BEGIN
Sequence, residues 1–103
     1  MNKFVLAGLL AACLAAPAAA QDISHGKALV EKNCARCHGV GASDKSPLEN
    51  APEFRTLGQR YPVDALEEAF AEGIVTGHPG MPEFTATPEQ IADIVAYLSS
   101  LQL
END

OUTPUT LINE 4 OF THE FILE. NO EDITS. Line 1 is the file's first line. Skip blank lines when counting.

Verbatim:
   101  LQL